The administration’s proposed Breach Notification Act would effectively change the United States’ vernacular approach—instead of categorizing data that deserve special protection as PI or PII, the Breach Notification Act would define this type of data as “sensitive personally identifiable information” similar to the EU terminology, but still with different definitions. This is a step in the right direction for an administration that continues to seek common ground between U.S. and EU privacy laws.
Following discovery of a security breach, the Breach Notification Act requires notification only if the breached entity uses, accesses, transmits, stores, disposes of or collects SPII about more than 10,000 individuals during any 12-month period. Thus companies that process the SPII of fewer than 10,000 individuals during any 12-month period would not be covered by this law, which deviates substantially from most state laws that do not have a minimum threshold for coverage.
Notification must meet the following requirements:
Be made without unreasonable delay, meaning within 30 days of discovery of the breach, unless the entity seeks additional time from the FTC
Be in the form of mail, telephone or e-mail (if prior consent was given)
Contain a description of the SPII at risk; a toll-free number where consumers may ask questions; toll free numbers for the consumer reporting agencies, the FTC and the relevant state authority (if state law
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requires as much); and the name of the business entity that has the direct business relationship with the individual
Media notice is required when the number of individuals involved in any one state exceeds 5,000. Notification to consumer reporting agencies is required if more than 5,000 individuals total are involved.
Notification must also be made to an entity designated by the secretary of homeland security, who must promptly notify the Secret Service when the breach involves the following:
More than 5,000 affected consumers
A database with more than 500,000 individuals
A federal agency
Information known by the breached entity to include SPII about federal government or federal contractor employees working in national security or law enforcement
The breached entity would not need to make the required notifications if it conducts a risk assessment in a “reasonable manner” pursuant to generally accepted standards and concludes that “there is no reasonable risk that [the] security breach has resulted in, or will result in, harm to the individuals whose [SPII] was subject to the security breach.” A presumption of “no risk of harm” is applied when the data was encrypted or otherwise rendered unusable through a security technology that is generally accepted by security experts at the time of the breach. This presumption is rebuttable with facts showing that the technology was circumvented.
Conducting a risk assessment acts as a safe harbor from the notification requirements. In order to invoke this safe harbor, a business that conducts a risk assessment and finds that there is no reasonable risk of harm must notify the FTC within 30 days of the results of the risk assessment. The risk assessment safe harbor is arguably the most important exemption for businesses in the Breach Notification Act, because it allows for a self-directed, proactive approach to breach response.
The Breach Notification Act includes two additional built-in exemptions to its notification requirements:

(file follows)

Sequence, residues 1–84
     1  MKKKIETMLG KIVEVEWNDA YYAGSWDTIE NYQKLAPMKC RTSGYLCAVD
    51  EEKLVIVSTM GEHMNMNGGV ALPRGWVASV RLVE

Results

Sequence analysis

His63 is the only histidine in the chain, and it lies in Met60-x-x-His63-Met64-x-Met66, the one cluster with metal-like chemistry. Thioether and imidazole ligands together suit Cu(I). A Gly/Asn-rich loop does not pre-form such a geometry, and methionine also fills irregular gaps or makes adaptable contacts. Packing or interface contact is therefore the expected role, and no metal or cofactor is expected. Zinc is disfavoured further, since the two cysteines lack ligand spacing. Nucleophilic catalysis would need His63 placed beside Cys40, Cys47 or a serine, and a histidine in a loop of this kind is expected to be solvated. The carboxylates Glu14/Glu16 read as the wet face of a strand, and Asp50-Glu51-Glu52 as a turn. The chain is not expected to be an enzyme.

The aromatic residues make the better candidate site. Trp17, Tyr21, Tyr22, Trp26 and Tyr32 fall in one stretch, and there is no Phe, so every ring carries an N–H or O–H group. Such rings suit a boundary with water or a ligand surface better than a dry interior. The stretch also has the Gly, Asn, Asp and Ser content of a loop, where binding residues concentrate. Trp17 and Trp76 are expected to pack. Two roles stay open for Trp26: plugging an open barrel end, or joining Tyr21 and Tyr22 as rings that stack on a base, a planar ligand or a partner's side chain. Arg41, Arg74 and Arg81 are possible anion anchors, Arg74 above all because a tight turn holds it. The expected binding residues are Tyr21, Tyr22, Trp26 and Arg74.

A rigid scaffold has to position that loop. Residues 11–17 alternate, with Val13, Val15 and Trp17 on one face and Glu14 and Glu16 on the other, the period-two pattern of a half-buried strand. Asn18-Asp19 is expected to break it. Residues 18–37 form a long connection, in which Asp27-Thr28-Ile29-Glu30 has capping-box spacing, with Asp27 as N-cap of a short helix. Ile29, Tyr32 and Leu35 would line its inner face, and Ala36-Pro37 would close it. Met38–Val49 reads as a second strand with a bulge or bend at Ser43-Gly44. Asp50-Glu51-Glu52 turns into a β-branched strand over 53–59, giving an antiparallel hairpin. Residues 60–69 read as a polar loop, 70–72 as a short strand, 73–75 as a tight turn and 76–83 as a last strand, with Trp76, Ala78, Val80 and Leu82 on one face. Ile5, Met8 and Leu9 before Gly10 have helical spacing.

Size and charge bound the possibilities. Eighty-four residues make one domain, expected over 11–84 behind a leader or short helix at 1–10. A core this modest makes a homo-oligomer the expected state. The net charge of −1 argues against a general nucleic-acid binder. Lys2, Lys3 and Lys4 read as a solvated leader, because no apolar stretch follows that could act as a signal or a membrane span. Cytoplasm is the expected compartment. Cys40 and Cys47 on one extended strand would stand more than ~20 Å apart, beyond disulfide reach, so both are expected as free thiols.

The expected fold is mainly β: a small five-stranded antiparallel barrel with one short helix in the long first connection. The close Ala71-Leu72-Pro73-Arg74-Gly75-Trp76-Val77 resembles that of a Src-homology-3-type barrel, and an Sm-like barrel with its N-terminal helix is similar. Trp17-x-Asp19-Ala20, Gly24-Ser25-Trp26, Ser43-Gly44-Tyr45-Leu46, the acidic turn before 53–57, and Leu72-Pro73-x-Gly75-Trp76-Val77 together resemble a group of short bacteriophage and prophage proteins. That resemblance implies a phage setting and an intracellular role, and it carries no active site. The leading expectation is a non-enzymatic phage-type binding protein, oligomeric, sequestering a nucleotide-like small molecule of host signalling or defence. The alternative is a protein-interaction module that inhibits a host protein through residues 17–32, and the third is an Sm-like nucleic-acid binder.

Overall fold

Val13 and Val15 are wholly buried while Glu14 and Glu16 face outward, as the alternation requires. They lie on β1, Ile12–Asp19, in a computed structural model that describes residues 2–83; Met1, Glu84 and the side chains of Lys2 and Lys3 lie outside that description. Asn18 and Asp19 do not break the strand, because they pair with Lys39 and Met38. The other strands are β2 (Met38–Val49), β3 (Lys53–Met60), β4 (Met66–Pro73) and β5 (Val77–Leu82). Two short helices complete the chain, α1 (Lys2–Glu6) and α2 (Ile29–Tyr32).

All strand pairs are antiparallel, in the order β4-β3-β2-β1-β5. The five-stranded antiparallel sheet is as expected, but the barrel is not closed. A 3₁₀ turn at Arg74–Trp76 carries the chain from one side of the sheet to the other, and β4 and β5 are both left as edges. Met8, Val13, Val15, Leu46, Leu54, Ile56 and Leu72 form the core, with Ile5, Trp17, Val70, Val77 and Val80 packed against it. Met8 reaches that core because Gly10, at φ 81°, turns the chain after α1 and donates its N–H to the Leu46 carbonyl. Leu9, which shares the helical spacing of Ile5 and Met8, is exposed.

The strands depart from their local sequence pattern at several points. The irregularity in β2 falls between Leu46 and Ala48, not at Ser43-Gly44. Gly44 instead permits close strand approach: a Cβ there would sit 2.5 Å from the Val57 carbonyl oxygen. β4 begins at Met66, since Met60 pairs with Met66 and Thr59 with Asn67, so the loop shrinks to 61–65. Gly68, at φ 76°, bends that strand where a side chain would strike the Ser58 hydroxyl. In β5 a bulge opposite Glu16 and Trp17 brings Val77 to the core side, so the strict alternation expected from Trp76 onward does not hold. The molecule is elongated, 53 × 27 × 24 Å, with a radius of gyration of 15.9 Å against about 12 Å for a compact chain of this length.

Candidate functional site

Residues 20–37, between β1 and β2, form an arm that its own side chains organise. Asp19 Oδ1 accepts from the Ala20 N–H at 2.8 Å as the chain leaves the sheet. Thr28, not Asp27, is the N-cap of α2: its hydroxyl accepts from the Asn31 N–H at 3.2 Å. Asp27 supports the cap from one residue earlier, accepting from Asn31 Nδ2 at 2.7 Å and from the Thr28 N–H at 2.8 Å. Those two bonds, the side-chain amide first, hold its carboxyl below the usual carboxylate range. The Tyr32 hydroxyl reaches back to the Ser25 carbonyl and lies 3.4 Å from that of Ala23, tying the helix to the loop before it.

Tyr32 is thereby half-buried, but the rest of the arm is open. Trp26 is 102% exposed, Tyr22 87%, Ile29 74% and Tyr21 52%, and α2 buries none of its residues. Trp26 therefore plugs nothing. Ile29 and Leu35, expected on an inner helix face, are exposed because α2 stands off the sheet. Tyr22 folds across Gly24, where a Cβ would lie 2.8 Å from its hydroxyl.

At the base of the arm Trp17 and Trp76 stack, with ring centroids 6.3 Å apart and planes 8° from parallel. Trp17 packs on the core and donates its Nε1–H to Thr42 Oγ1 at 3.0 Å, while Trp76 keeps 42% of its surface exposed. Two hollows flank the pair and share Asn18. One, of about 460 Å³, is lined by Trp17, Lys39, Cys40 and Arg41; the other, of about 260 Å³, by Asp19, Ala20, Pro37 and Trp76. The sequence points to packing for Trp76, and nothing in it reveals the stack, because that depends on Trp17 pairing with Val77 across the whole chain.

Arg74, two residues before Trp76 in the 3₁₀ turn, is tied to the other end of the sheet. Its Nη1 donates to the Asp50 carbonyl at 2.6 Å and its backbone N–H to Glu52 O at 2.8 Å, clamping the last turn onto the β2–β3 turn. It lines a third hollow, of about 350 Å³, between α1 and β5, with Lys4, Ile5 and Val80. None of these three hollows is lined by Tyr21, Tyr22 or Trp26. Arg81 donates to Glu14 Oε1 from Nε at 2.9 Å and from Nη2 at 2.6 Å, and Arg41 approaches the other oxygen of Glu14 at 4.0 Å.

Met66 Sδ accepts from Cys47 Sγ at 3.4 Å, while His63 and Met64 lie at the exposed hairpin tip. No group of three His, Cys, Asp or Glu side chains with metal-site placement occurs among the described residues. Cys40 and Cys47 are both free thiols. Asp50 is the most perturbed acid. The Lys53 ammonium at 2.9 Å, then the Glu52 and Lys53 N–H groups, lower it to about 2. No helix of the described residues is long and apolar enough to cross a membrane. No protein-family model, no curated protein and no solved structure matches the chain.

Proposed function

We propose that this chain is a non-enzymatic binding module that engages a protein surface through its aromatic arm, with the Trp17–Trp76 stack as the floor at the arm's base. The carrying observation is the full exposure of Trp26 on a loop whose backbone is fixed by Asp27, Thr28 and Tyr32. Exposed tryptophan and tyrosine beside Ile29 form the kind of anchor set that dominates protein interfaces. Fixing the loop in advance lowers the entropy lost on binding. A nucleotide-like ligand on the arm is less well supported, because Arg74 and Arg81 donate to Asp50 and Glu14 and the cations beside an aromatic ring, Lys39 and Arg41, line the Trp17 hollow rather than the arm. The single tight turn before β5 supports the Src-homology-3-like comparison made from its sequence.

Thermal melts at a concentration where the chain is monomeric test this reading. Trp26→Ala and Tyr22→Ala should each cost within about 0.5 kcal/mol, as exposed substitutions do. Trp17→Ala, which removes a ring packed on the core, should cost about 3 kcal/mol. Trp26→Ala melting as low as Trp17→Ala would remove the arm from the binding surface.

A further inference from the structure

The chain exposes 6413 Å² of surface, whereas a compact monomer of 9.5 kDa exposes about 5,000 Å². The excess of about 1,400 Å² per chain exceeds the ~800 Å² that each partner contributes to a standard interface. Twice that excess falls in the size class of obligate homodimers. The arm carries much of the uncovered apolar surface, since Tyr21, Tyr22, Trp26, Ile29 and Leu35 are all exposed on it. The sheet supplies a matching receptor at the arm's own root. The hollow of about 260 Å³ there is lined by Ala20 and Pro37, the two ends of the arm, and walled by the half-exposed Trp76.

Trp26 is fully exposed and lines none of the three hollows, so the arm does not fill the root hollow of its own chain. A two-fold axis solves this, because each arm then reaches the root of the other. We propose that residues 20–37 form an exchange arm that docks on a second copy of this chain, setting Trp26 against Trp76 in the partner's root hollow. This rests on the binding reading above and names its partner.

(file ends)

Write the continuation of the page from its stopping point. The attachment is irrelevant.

When the U.S. Secret Service or Federal Bureau of Investigation determines that notification might reveal sensitive sources of information or impede the ability of the agency to conduct investigations
When an entity utilizes a security program that effectively blocks the use of SPII before the initiation of an unauthorized financial transaction and provides notice of this unauthorized attempt
The Breach Notification Act provides that it supersedes any provisions of state law “relating to notification by a business entity engaged in interstate commerce of a security breach of computerized data.” Because the Act would only preempt laws related to computerized data, existing state laws requiring notification of breaches involving paper records would remain intact.
Similarly, state laws imposing minimum data security requirements likely would remain intact under this proposed legislation. At least 12 states currently have laws that require businesses to take affirmative steps to protect the personal information with which they come in contact. Because the administration’s proposed legislation does not include minimum data security requirements, these state law provisions likely would not be preempted.
On January 27, 2015, the House Subcommittee on Commerce, Manufacturing and Trade held a hearing to define the elements of a proposed data breach notification law. Despite the general push for federal preemption and a streamlined breach standard, disagreement remains regarding some of the details. The matters under discussion include the effect of having a harm-based notification trigger, the prospect of over-notifying individuals, what event or knowledge will trigger the start of the 30-day
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breach notification period, and how long after the bill becomes law it should take effect.
If the Breach Notification Act does become law, companies will face a national standard for security breaches involving computerized SPII. This will simplify the competing categories of “personal information” separately prescribed by state law. Multinational organizations will be able to tailor their data breach response plans to one category of data, “sensitive personally identifiable information.” Given the short deadline for notice, however, it will be important for companies to have systems in place that can quickly identify a breach, perform a risk assessment, and, if necessary, create and send required notices. Companies will also need to analyze relevant state laws to assess whether any more stringent state requirements will apply.